I feel that using a pipe wrench on a nylon nut damages the nut. I fabricated this short wrench that can be used without taking the rudder quadrant apart and does not damage the nylon nut. Amel also sells a similar wrench'

Fair winds,
Eric
SM 376 Kimneberlite


Re: [Amel Yacht Owners] Re: leak in saloon drain hose

Craig Briggs
 

 Super. How do you spell, "Relief"
Cheers, Craig


---In amelyachtowners@..., <ryan.d.meador@...> wrote :

I think I found the source of my leak!  These two jugs of water I'd stashed under the saloon sole apparently chafed through and drained out through a pinhole.  I assume they collapsed due to the vacuum created by the departing water.  I don't think there's a leak in the plumbing at all.  I didn't look at them closely enough when I was hunting for the source... at a glance from above, it's not obvious they were nearly empty.  Sorry for the false alarm!

Thanks,
Ryan and Kelly
SM 233 Iteration
Boston, MA, USA



On Wed, Jul 11, 2018 at 10:53 AM sangaris@... [amelyachtowners] <amelyachtowners@...> wrote:
 

Hi Ryan,


Having used Captain Tolley's (AMAZING) Creeping Crack Cure on some hair-line window leaks with great success, I don't think it's quite the right product, as it really needs to work by capillary action in minute cracks. It seems a leaking hose connection would be too big. Seal-All is designed to fill and "skin over" small actively leaking places (although they do have to be dry until it sets). You could certainly give it a try, of course, and if it works, well, it works,although my choice would be a few coats of the Seals-All. 

Cheers, Craig


---In amelyachtowners@..., <ryan.d.meador@...> wrote :

Hi Craig,

Thanks for the tips.  My best guess is that the leak is at the forward end of the main run, which is the bottom-right of the photo.  I'll try to confirm with some dye -- good idea!  The water kind of pools under the fitting and eventually flows aft, so it's not obvious where it comes from except that it's not either of the two top inlets.  I have some Captain Tolley's, I wonder if that would work for filling the mystery crack.  I was thinking I'd need to take the fitting out and replace the hose if the hose joint is where it's leaking (I already tried tightening the hose clamps) or replace the fitting if it had cracked.  It never occurred to me to try to fill the crack in situ.

Thanks,
Ryan and Kelly
SM 233 Iteration
Boston, MA, USA



On Wed, Jul 11, 2018 at 8:53 AM sangaris@... [amelyachtowners] <amelyachtowners@...> wrote:
 


Yes, Ryan, that does look like one butt-ugly agglomeration of plumbing fittings - must  be French :-) I've never seen a Street Elbow with at "T" off the side and the white part looks like maybe a drain trap. The hoses are all standard stuff - I've cut the main run to add a "T" for my air conditioner and it's all plastic (no wire).

Anyway, I think I'd start with a roll of paper towels, dry it all off and try to spot the leak by alternately pouring water down each feed and dabbing around with the paper towel. Maybe use some blue holding tank deodorant as a dye to help spot the leak. If you find it, then try a patch with something like Seal-All.  I usually wouldn't recommend trying to seal a leak from the outside, but that assembly is going to be a beast to replace as it does look like it's glued together with PVC cement and the age-hardened hoses and tight space around make it worse.  Seal-All is cheap and it really does work wonders, even applied from the outside..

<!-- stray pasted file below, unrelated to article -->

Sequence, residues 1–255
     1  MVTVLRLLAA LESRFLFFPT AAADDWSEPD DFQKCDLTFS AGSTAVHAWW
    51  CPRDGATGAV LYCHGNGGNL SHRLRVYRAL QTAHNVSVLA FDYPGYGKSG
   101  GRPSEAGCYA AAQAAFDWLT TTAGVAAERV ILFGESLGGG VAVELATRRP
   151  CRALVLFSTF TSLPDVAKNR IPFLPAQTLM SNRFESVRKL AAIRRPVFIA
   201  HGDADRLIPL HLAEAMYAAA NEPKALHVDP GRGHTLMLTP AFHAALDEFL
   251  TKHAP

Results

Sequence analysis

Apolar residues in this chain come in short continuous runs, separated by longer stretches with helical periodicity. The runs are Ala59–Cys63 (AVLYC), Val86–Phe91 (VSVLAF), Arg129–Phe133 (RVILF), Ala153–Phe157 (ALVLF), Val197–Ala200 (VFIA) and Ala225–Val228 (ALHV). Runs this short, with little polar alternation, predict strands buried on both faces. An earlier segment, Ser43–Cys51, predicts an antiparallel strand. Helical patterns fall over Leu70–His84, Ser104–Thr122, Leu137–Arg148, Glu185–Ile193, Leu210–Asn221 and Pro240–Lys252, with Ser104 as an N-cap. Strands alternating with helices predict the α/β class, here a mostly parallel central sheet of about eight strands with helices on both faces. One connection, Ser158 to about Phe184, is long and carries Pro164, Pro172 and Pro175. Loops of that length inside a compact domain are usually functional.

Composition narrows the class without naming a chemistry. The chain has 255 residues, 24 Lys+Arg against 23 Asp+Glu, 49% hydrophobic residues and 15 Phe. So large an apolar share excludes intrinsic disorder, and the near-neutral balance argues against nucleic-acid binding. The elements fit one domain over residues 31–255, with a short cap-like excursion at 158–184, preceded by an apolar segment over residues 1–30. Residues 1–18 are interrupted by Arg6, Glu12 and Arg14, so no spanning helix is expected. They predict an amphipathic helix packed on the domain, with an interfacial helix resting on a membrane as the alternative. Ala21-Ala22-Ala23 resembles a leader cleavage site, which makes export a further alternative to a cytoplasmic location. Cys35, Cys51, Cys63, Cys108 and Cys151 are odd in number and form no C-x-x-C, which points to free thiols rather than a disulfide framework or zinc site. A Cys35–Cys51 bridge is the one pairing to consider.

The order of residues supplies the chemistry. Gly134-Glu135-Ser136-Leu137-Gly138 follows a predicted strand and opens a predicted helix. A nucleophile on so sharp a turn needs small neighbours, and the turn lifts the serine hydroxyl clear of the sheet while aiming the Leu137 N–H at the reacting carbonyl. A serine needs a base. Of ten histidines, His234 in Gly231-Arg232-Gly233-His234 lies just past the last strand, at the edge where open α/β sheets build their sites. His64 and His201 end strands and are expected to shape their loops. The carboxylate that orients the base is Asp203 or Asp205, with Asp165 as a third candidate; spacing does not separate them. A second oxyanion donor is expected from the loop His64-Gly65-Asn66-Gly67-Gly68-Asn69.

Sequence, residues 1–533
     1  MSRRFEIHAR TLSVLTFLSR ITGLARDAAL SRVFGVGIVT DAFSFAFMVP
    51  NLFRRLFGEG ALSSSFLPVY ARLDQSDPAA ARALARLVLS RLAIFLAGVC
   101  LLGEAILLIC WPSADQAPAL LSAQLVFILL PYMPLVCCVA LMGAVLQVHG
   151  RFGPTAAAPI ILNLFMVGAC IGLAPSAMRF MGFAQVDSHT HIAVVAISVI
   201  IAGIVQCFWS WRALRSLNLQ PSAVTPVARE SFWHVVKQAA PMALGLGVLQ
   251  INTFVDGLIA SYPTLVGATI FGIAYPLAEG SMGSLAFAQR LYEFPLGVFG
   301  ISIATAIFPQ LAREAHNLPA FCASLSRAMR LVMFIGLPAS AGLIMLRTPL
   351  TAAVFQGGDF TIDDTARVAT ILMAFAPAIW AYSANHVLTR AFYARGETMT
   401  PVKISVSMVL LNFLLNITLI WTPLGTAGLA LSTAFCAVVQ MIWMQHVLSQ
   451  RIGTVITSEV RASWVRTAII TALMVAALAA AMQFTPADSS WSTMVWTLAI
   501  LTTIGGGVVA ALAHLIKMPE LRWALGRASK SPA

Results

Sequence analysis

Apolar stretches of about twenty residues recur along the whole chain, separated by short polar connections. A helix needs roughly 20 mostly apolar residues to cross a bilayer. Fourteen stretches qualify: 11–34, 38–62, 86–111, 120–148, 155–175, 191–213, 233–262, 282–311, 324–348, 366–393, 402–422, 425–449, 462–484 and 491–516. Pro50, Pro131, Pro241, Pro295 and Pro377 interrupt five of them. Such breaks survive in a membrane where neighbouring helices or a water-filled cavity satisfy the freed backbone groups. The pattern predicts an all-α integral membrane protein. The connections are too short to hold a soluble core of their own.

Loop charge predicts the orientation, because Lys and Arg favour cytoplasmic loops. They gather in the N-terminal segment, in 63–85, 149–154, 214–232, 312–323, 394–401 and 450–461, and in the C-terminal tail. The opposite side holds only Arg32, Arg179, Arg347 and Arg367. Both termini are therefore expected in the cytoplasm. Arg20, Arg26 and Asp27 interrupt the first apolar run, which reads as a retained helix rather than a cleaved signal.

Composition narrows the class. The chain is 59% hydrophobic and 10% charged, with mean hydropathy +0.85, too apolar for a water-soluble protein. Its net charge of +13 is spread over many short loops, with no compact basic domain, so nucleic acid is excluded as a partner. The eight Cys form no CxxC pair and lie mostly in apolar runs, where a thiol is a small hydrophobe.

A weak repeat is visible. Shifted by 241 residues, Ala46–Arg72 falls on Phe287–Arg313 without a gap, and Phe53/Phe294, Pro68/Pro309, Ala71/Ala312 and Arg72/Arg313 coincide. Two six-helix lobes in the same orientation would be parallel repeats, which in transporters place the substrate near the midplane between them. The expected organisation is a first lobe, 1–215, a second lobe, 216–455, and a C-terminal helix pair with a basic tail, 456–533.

Rots 'o ruck!
Craig SN68.


---In amelyachtowners@..., <ryan.d.meador@...> wrote :

I'm concerned my photo didn't appear correctly because I can't find it on the Yahoo site, so I'm attaching it a difH

ferent way this time.  Hopefully this makes it more clear what I'm talking about.  Thanks!

On Mon, Jul 9, 2018 at 10:26 PM Ryan Meador <ryan.d.meador@...> wrote:
Hi all,

I have noticed a very slow leak in the drain hose that runs from the forward watertight bulkhead, beneath the floor in the saloon, to the area beneath the companionway.  It fills the space beneath the companionway stairs with water.  I think the leak is at the fitting where the dishwasher drain and air conditioning condensate T into it:

IMG_20180709_211135.jpg

I'm unsure if the leak is between the hose and the fitting, or the fitting itself has cracked.  I'm afraid to take it apart without a plan.  I'm wondering if someone can help me with a few questions:
  1. does this thing come apart?  it looks like the parts are glued, except the hose clamps
  2. what is the white part in the middle?
  3. do you know the inside diameters of the hoses?  is there anything special about the material of the one that runs the length of the saloon?
Thanks,
Ryan and Kelly
SM 233 Iteration
Boston, MA, USA



Re: [Amel Yacht Owners] Re: leak in saloon drain hose

Ryan Meador
 

I think I found the source of my leak!  These two jugs of water I'd stashed under the saloon sole apparently chafed through and drained out through a pinhole.  I assume they collapsed due to the vacuum created by the departing water.  I don't think there's a leak in the plumbing at all.  I didn't look at them closely enough when I was hunting for the source... at a glance from above, it's not obvious they were nearly empty.  Sorry for the false alarm!

Thanks,
Ryan and Kelly
SM 233 Iteration
Boston, MA, USA



On Wed, Jul 11, 2018 at 10:53 AM sangaris@... [amelyachtowners] <amelyachtowners@...> wrote:
 

Hi Ryan,